A fascinating figure -- and Tytell has written a fascinating book. But it has significant failings. For example, though it is certainly a good deal more readable than many literary biographies, its prose is often deplorable; there are dangling participles and misplaced modifiers in abundance, and numerous instances of imprecise diction (Tytell habitually uses convince for persuade), pleonasm ("the L'Action Francaise"), and stylistic clumsiness. (Tytell writes, for example, such awful sentences as the following: "A bullet-shaped man with shoulders hardly broader than his head, Mencken's grating humor and his explosively opinionated views of American life had organized The Smart Set and The American Mercury.") And there are odd little lapses here and there: the playwright and screenwriter Ben Hecht is referred to as "an American critic"; the word blague is used in one chapter but not defined until the next; the names of Meyer Schapiro and Carl Rakosi and Natty Bumppo are misspelled; and a letter from Delmore Schwartz to Pound -- in which Schwartz, incensed at the older poet's anti-Semitism, "resigned" as one of his greatest admirers -- is misquoted.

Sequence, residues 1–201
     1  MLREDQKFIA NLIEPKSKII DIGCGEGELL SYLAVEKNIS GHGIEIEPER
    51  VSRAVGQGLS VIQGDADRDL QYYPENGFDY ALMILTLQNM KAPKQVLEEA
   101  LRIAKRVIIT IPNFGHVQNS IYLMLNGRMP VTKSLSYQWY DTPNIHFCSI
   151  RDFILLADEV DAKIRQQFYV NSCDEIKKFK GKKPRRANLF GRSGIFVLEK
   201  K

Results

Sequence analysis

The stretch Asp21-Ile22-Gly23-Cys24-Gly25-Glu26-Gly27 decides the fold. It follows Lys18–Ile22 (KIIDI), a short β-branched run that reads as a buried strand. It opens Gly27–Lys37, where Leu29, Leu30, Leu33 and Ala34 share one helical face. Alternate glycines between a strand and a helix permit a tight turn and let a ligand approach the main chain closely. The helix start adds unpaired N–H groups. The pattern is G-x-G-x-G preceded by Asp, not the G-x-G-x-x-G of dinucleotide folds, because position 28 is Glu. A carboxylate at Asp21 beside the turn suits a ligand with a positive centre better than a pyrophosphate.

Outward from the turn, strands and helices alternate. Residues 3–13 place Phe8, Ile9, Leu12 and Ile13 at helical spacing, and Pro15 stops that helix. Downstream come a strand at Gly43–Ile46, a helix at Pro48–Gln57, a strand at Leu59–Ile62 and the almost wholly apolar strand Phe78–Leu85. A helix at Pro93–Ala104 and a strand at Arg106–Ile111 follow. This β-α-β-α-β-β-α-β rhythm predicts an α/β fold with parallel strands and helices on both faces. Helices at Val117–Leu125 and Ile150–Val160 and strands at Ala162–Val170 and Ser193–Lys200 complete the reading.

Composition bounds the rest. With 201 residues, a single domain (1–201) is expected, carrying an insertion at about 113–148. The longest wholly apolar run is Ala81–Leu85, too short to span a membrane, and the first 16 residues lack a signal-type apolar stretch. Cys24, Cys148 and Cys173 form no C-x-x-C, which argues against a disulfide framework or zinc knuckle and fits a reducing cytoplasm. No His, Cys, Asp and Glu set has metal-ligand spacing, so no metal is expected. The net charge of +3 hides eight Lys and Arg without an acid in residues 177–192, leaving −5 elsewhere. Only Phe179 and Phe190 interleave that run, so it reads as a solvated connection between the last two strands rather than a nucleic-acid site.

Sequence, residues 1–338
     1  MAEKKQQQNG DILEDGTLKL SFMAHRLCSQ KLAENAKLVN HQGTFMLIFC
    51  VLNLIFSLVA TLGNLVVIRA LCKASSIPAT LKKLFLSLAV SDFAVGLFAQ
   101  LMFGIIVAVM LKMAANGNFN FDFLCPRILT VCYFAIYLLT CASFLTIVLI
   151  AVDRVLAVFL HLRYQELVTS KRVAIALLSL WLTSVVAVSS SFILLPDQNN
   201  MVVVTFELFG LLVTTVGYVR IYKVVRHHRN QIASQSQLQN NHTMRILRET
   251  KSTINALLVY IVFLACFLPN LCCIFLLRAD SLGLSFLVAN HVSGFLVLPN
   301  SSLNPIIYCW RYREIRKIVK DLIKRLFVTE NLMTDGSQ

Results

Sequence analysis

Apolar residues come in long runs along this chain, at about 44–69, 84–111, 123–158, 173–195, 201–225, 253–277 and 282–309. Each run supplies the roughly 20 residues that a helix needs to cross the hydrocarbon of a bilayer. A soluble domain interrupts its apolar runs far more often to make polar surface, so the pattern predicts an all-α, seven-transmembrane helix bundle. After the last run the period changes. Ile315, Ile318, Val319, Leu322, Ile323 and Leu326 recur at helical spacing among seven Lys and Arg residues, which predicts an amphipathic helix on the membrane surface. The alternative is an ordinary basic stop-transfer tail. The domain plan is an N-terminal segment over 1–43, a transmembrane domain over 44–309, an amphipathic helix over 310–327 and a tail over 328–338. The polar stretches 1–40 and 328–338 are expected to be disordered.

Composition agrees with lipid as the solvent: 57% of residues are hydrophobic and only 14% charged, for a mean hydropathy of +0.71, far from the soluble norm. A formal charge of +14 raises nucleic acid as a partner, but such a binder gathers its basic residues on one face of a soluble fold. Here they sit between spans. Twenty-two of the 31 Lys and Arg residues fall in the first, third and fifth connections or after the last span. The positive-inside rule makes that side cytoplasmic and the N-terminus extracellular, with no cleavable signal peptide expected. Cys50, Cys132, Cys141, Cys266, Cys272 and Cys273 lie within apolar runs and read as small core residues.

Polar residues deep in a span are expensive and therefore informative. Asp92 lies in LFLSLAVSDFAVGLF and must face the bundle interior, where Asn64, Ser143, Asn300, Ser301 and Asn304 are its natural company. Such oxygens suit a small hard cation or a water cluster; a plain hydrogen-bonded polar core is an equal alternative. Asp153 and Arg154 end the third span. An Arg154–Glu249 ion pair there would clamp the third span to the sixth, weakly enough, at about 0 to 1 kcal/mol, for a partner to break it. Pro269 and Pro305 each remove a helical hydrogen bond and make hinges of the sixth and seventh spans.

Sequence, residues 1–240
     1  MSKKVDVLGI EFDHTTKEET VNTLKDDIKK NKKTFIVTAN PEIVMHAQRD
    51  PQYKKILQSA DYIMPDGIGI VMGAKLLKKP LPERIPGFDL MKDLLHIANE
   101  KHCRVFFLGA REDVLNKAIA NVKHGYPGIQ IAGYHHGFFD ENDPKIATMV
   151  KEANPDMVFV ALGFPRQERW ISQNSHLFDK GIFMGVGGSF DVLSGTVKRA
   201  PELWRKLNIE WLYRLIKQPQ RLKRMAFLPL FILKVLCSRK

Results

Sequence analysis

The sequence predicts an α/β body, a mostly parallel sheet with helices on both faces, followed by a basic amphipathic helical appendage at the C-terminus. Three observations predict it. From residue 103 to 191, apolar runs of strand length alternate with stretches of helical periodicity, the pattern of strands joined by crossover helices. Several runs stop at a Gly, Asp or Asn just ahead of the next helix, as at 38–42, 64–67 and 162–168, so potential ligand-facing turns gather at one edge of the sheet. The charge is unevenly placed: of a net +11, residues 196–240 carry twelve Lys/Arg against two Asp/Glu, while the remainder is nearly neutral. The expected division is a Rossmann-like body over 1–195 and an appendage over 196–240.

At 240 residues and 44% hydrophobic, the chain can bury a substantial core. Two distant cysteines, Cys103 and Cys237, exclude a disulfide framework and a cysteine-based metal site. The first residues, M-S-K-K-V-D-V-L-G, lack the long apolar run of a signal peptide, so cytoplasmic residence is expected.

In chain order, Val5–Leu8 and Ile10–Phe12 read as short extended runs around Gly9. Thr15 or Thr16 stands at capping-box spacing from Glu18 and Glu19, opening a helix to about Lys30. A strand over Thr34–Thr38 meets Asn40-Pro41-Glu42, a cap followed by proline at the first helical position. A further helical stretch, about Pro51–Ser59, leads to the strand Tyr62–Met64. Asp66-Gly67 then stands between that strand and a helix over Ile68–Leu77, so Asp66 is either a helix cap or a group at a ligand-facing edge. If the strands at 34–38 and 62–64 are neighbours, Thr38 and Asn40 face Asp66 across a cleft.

Furthermore, with so much controversial material at hand, it is frustrating that Tytell has so little to offer by way of commentary. Though he (like James Atlas in his memorable biography of Schwartz) is excellent at retailing colorful details and illuminating anecdotes, he provides precious little critical discussion; he reports the comments of others about Pound's work and life but to a considerable extent keeps his own views to himself. At times, consequently, the book seems to be a mere collection of facts and quotations, devoid of a controlling sensibility of its own. (Interestingly, this is the very reaction that one has to many of Pound's poems.) Nor does Tytell satisfactorily explore the crucial questions that Pound's life raises -- such as, how could such a symbol of humanistic culture be at the same time such a miserable hatemonger? And if such a dichotomy is possible, what does that tell us about the nature of the connections between art and morality, beauty and truth, the poet and the state? Nor does Tytell offer opinions upon such matters as James Laughlin's disturbing remark, in a 1945 letter to Eliot concerning Pound's postwar arrest on charges of treason, to the effect that "Ezra is 'sane' and the world 'insane'," and that Pound was imprisoned only because "the world . . . habitually hangs or torments men of genius or vision."